Danny Wayne GRAMMER, Appellant, v. The STATE of Texas, Appellee.
Danny Grammer appeals the trial court's revocation of his deferred adjudication community supervision and imposition of a sixty-year prison sentence. We will affirm the trial court's judgment.
In March of 2005, a grand jury indicted Grammer with three counts of aggravated sexual assault of a child and six counts of indecency with a child. Grammer pled guilty on January 6, 2006 and was placed on ten years' deferred adjudication community supervision. As a condition, he was ordered to serve 180 days in jail, which commenced on January 16, 2006. Grammer was released after serving that time, and he immediately got a job working at the jail upon the sheriff's invitation.
Grammer was ordered to pay $250 in court costs within 120 days of January 6, and beginning on February 6, was ordered to begin paying a $60 monthly supervision fee and a $10 monthly Crimestoppers fee. At the time of his release from jail in July of 2006, Grammer was in arrears approximately $420 in his fees and $250 in court costs.
While incarcerated, Grammer met and became involved with Kristi Turner, another inmate. After his release, Grammer obtained permission from Tracey Friedmann, his probation officer, to date Turner, whom Grammer said had been in jail for a “bad checks” charge and had done her “time.” Friedmann did not ask Grammer if Turner was on felony probation, and Grammer testified he did not know the precise details of Turner's “checks” crime; he only knew that she was on “probation.”
At the end of July of 2006, Grammer and Turner began living together, and on August 2, during a home visit, Friedmann learned from Turner that she was on probation, and when Turner identified her probation officer, Friedmann knew that she was on felony probation, making Grammer's association with her a violation of his community supervision conditions unless they were married. The next day, Grammer met with Friedmann and told her that he intended to marry Turner, so Friedmann said she would postpone any action on his violation and gave him until September 30 to marry Turner because Grammer was in the process of having his divorce finalized.1 Friedmann nevertheless promptly reported the violation.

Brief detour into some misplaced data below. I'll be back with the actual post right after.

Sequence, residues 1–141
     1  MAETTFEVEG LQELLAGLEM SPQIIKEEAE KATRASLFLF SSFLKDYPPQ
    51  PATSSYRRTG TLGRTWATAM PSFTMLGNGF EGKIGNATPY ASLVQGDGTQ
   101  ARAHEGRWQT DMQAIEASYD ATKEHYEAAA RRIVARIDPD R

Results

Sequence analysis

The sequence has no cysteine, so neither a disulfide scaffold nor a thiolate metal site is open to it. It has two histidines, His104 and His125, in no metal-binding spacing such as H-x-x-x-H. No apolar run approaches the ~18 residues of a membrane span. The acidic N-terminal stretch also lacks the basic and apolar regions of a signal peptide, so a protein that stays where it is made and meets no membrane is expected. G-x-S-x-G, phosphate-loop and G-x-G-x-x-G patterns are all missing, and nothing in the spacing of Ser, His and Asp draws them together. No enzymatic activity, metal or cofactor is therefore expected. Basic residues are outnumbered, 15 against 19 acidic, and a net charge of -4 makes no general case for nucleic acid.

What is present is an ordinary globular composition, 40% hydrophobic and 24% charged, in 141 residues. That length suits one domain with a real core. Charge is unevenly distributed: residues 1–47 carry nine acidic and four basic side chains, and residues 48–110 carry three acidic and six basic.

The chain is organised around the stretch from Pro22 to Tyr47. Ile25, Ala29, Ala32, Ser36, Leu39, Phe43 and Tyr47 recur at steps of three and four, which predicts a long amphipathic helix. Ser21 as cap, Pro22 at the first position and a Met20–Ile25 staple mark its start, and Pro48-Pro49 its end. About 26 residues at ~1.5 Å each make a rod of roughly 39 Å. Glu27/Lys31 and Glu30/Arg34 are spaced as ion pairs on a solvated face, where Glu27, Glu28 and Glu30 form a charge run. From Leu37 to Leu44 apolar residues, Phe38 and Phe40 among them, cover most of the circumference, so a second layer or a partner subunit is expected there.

The State filed its motion to proceed with adjudication of guilt on August 24, alleging two violations: (1) failure to avoid association with persons having criminal records and having disreputable or harmful character; and (2) failure to pay the $250 court costs.2 The trial court-the sitting judge was not the one who had placed Grammer on deferred adjudication community supervision-heard the motion on December 7, 2006, found the State's allegations to be true, and sentenced Grammer to sixty years' imprisonment on three of the counts and twenty years' imprisonment on six of the counts, all to be served concurrently.
Ineffective Assistance of Counsel
Grammer's first issue complains of ineffective assistance of counsel in failing to subpoena witnesses for the revocation hearing. The State points out that Grammer may not raise issues of ineffective assistance of counsel under the version of section 5(b) of article 42.12 in effect at the time of Grammer's guilty plea and the adjudication proceedings.
We have previously held that a defendant is statutorily prohibited from complaining on appeal of errors occurring at the hearing on the State's motion to proceed to adjudication, including claims of ineffective assistance of counsel at the revocation hearing. Gray v. State, 134 S.W.3d 471, 472 (Tex.App.-Waco 2004, pet. denied) (citing Connolly v. State, 983 S.W.2d 738, 741 (Tex.Crim.App.1999)). At the time relevant to this case, section 5(b) provided: “The defendant is entitled to a hearing limited to the determination by the court of whether it proceeds with an adjudication of guilt on the original charge. No appeal may be taken from this determination.” See Act of May 28, 2007, 80th Leg., R.S., ch. 1308, § 5, 2007 Tex. Sess. Law Serv. 4404, 4405 (amending section 5(b) to provide that the trial court's “determination is reviewable in the same manner as a revocation hearing conducted under Section 21” of Article 42.12) (emphasis added) (current version at Tex.Code Crim. Proc. Ann. art. 42.12, § 5(b) (Vernon Supp.2008)). Therefore, we dismiss Grammer's first issue.3 See Connolly, 983 S.W.2d at 741. For the same reason, we dismiss Grammer's seventh issue, which asserts that the trial court abused its discretion in denying his amended motion for new trial without holding an evidentiary hearing on his allegations of ineffective assistance of counsel.